Mayor tries to unseat city incumbents



As tomorrow’s Democratic primary approaches, New Haven Mayor John DeStefano Jr. and his challenger Sherri Killins are focusing their attention not only on their own races, but also on several primaries that may change the face of the Board of Aldermen.

DeStefano is actively supporting candidates in 16 races, whose outcome will likely prove an important test of the city’s confidence in the mayor’s administration. If his efforts are successful, DeStefano’s most outspoken opponents on the board may find their seats occupied by allies of the administration next year.

DeStefano’s campaign manager, Shonu Gandhi ’03, said the mayor has chosen to take a more direct role in this year’s aldermanic primaries than he has in past elections, endorsing nine candidates who are running for their first term in office and four who are challenging incumbent Democrats.

“In this election particularly, there is a stark contrast between the kind of politics we want to pursue and the kind of politics our opponents practice,” said Gandhi, a former Yale Daily News staff columnist. “We want to be part of changing the politics of the city.”

Killins, on the other hand, said the number of races reflected a desire of New Haven citizens to challenge a mayor who has “ostracized” his political opponents.

“You have 17 different aldermanic races, which is a sign of the discontent in the community,” said Killins, a former CEO of the community development group Empower New Haven. “That’s why we need a Board of Aldermen that is going to fight for and represent the community, and not just agree with the mayor.”

Unlike DeStefano, Killins has not formally issued endorsements for Tuesday’s primaries, although she said she was “clearly” working closely with several candidates.

The New Haven Democratic Town Committee — the local Democratic party organization — issued formal endorsements of candidates in July after reviewing the recommendations of the party’s committees in each aldermanic ward. But Democrats who received signatures from 5 percent of registered Democrats in their wards are still eligible to run in the primary.

As a result, 17 candidates who were endorsed by the town committee are facing challenges for the Democratic nomination and, in many cases, an unopposed run in November’s general election. With more contested Democratic primaries this year than in any year since 1989, both DeStefano and Killins have become important figures in the ward-by-ward races to determine the composition of the next Board of Aldermen.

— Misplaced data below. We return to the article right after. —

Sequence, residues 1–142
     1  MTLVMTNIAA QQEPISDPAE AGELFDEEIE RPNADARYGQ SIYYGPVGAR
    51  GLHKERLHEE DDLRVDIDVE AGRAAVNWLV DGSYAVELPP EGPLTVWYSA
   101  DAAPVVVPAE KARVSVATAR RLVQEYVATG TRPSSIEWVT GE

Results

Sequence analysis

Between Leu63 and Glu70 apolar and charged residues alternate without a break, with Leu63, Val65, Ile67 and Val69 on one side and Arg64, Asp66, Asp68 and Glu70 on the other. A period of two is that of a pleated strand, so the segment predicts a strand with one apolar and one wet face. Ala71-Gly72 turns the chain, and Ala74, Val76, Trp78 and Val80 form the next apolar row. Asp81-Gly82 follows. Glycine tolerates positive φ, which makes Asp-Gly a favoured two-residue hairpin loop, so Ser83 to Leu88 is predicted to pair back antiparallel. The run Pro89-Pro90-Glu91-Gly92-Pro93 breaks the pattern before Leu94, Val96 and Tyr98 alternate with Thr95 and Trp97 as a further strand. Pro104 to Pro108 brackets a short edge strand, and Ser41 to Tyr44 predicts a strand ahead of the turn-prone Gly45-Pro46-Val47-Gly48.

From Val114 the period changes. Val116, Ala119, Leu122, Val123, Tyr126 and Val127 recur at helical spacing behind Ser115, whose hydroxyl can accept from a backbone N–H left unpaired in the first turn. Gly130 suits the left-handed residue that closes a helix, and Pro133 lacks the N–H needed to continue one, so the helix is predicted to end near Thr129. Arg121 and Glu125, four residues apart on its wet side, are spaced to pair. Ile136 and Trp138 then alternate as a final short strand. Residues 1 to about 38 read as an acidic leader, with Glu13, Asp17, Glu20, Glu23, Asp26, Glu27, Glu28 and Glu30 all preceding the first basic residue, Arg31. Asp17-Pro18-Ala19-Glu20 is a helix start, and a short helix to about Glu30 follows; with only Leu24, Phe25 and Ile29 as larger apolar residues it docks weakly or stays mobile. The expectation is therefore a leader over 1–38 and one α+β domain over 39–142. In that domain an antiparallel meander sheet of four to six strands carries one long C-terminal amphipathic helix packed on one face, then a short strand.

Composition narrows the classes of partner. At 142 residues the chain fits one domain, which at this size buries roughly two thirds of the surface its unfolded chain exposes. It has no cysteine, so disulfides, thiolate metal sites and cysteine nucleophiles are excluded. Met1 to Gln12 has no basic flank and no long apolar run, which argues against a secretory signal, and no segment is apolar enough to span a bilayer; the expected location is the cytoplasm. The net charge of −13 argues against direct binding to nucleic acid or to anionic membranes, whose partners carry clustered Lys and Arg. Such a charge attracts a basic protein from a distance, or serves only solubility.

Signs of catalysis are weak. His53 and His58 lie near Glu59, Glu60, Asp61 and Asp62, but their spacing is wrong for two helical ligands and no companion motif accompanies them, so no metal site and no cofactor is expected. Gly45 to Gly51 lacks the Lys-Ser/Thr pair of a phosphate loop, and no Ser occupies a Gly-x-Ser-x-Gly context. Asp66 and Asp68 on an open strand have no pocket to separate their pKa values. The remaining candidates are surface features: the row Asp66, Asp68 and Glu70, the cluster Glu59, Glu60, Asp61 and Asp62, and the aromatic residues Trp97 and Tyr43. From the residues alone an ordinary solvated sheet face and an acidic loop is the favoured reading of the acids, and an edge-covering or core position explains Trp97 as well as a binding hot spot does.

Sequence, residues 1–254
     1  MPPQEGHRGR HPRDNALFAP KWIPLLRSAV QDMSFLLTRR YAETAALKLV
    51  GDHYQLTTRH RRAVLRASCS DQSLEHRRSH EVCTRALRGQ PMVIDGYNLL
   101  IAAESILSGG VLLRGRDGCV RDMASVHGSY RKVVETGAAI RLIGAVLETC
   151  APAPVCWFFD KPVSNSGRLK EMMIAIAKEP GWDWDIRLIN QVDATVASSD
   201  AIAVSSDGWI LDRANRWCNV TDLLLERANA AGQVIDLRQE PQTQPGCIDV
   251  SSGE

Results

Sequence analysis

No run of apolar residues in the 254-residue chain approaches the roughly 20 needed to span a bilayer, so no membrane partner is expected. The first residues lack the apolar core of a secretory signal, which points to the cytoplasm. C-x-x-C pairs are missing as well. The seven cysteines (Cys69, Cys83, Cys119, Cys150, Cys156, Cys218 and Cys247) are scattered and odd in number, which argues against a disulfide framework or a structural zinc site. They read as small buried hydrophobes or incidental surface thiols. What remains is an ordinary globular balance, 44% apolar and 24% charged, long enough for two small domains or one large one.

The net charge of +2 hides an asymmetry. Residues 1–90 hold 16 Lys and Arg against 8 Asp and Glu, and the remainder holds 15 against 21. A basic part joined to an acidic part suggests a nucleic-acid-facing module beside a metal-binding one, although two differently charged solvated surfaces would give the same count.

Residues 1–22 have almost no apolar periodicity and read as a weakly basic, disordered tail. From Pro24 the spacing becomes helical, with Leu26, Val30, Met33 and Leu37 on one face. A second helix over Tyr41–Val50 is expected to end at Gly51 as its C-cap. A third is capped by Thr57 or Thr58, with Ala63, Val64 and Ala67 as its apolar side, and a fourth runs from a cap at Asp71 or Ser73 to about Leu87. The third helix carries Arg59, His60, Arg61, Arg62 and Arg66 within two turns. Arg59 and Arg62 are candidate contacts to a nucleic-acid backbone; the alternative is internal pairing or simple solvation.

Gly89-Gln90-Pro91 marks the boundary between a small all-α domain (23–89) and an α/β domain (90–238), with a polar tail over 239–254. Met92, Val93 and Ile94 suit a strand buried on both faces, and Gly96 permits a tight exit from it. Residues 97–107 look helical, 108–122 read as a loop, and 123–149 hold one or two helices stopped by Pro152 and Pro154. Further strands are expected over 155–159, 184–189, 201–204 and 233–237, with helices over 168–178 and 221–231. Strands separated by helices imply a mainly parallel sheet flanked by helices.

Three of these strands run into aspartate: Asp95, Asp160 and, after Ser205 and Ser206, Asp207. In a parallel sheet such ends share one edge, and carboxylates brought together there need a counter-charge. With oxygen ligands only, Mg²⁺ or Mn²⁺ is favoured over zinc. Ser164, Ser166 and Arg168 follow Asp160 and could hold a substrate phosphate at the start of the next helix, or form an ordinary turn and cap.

New Haven Democratic Town Committee Chairwoman Suzie Voigt said DeStefano has played an important role in his efforts to change the Board of Aldermen, especially in his support of several political newcomers.

“This is a group of people who see themselves as a team. That doesn’t mean they agree on every issue, but they are going to work together,” Voigt said.

Nowhere is the involvement of DeStefano and Killins more evident than in Ward 28, where former police commissioner Babz Rawls Ivy is challenging incumbent Brian Jenkins. Jenkins, who has frequently challenged DeStefano from his post as chairman of the board’s Black and Hispanic Caucus, has been closely allied with the Killins’ campaign since she decided to run for mayor earlier this summer.

On official Board of Alderman letterhead, Jenkins distributed a letter this weekend in the Hill neighborhood entitled “John DeStefano Is Killing Our Community!” that charged the mayor with wasting $15 billion in taxpayers’ money.

“After 10 years of John DeStefano what has The Hill gotten?” read the letter, which was reprinted by the Killins campaign. “Blighted properties, unemployment, crime and even higher taxes! Yet he continues to get your vote — and laughs behind your back.”

Ivy, who has been endorsed by the mayor and by the Democratic Town Committee, said that while the focus of her campaign has been on issues like bringing sidewalks and community centers to her neighborhood, the mayor’s support has helped shape her campaign.

“People ask, ‘Are you supporting the mayor?’” Ivy said. “And when you say yes, they say, ‘Yeah, you’ve got my vote.’”

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